Auther Ronnie Reed
It wasn’t the A27 or the low bank of rain cloud squatting on the top of the Downs or the radio report on the economy that depressed me driving into work the other morning. It was a small statistic slipped into another news item. Apparently, on average, we watch 30 hours of television a week. I did some quick calculations. If you assume that most people are awake for fifteen hours a day, that is two days of our waking lives each week that we spend in front of the ‘box’. I’m probably in a minority of one but that sounds really depressing because a lot of what we get from television represents ‘second hand’ experience, second hand living.
I can feel the protests already because I know there is some really good broadcasting out there including some excellent wildlife programmes. But it should not be a substitute for the real thing, the real experience.
You don’t need David Attenborough at your elbow to enjoy the wildlife on your doorstep. This time of year particularly, provides a great opportunity to get out there and ‘do’ the wildlife bit for real. Take a walk out on the Downs and hear the mewing of buzzards overhead, or find a wood nearby drugged with the heady scent of bluebells. You might even be lucky and spot a herd of deer moving through the dappled shadows of the trees. Venture out at dusk as the world stills and the shadows lengthen and bats come out to flicker like phantoms through the gathering darkness. Step out of doors at night when the sky is clear and marvel at the immensity of the stars overhead, or set the alarm early and go for a walk as the sky lightens in the east and wait as the birds herald in the day with their chorus.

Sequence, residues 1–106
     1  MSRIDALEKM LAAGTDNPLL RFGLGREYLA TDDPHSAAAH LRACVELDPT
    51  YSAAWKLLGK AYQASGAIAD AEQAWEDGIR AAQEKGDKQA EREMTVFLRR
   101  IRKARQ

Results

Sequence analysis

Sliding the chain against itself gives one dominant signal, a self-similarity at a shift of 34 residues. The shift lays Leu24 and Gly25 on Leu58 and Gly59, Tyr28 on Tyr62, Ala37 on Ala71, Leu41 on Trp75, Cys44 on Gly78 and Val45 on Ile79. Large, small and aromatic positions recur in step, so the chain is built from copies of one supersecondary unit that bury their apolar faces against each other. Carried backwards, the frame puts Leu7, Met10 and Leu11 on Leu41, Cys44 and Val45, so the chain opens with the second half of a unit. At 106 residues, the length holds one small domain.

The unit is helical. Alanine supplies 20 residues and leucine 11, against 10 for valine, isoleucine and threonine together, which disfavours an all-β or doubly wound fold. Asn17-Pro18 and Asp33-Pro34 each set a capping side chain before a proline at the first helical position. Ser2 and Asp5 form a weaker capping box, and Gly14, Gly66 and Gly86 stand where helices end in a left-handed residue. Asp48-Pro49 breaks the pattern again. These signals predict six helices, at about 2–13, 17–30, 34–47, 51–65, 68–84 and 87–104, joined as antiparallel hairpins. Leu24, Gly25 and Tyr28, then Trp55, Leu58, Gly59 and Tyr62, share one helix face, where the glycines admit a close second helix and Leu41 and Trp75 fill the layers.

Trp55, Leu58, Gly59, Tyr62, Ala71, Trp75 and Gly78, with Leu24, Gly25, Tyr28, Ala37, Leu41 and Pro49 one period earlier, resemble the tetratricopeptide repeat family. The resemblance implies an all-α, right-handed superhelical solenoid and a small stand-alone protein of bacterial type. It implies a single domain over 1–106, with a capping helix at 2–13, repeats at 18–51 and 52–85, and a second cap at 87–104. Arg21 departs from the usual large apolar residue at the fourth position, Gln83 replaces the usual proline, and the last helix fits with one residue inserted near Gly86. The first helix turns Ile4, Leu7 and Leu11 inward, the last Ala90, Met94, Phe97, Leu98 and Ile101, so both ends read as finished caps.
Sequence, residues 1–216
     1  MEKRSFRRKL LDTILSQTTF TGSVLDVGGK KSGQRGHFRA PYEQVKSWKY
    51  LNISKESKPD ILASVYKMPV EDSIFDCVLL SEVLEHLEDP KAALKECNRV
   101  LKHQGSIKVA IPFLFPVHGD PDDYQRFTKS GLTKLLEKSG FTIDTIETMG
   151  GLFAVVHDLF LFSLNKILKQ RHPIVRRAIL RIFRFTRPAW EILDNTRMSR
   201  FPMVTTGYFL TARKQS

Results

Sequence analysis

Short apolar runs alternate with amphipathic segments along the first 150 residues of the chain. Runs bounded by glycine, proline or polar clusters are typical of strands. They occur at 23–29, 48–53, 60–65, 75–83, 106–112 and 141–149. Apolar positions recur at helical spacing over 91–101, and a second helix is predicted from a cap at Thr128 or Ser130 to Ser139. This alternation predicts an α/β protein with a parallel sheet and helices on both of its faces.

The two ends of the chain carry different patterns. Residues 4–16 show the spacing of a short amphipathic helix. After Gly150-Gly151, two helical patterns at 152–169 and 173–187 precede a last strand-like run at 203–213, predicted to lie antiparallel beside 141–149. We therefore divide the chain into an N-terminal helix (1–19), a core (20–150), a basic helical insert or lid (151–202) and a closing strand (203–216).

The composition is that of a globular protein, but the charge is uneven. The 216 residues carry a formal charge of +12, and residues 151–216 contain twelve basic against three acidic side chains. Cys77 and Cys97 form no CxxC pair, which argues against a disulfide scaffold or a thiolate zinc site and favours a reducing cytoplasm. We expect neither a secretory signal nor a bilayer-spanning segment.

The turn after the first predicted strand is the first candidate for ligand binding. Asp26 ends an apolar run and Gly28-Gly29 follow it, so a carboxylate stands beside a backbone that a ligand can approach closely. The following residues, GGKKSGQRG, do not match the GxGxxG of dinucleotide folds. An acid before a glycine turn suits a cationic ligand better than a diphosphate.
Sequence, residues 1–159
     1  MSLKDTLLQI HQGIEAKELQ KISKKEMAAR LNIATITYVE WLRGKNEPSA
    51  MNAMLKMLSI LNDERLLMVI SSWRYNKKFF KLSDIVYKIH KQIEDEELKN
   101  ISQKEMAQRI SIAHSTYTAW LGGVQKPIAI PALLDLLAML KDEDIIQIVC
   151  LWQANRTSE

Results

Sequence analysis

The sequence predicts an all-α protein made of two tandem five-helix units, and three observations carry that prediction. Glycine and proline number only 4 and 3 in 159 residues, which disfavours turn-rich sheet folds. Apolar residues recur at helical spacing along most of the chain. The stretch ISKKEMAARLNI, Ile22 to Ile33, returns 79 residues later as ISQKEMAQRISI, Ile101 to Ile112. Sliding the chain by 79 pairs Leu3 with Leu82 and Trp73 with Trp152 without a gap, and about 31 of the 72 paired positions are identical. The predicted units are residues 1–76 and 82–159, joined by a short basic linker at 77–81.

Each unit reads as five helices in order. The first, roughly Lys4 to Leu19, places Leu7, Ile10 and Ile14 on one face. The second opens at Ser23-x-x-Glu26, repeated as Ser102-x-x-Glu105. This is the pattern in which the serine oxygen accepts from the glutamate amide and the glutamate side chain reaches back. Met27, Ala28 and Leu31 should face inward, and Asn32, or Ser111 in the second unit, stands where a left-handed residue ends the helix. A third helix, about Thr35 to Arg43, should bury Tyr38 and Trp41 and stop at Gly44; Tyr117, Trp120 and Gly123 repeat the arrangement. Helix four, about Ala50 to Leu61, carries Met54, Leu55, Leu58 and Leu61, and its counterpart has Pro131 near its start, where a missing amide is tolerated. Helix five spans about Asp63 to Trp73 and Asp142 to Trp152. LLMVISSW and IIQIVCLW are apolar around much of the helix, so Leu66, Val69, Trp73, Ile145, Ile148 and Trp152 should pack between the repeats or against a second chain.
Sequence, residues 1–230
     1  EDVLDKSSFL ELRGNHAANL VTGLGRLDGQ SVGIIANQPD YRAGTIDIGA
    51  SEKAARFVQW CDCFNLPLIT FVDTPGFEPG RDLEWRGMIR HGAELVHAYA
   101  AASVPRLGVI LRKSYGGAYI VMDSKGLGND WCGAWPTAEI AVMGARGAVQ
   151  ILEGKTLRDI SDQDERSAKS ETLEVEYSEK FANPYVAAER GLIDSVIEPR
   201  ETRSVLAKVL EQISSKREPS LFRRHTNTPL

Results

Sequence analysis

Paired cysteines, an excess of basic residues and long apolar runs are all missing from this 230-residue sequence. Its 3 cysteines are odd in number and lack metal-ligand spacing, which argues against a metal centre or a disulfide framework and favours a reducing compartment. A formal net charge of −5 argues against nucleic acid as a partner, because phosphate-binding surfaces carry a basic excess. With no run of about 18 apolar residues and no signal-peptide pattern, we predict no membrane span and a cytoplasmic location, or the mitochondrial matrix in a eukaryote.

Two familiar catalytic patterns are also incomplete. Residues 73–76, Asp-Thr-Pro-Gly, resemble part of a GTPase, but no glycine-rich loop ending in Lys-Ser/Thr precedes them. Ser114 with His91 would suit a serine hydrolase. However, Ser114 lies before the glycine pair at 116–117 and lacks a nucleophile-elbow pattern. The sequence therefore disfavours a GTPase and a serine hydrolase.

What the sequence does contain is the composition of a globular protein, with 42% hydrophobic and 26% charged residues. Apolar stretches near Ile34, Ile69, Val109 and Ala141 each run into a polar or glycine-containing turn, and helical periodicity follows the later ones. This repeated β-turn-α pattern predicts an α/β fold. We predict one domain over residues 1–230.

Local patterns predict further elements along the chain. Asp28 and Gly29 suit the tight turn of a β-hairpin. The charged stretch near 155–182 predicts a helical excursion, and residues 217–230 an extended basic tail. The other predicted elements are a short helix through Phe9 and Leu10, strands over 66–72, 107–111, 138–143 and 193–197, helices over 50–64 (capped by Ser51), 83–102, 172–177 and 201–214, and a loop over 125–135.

You don’t even have to travel out into the countryside. Take a walk along the street to the local park and keep your eyes open and you may see birds carrying food for their young. Watch. Follow. Look and you might discover a nest. You don’t need a film crew to open up a world of insects and spiders in your garden; you can do it yourself. Move pots to discover what is lurking beneath; use your eyes to find what you are sharing your living space with; the spiders spinning miracle webs between stalks of grass, a solitary bee living in the hole beside your doorstep.
It is all out there waiting to be discovered and all you need is 30 hours a week when you are not watching television!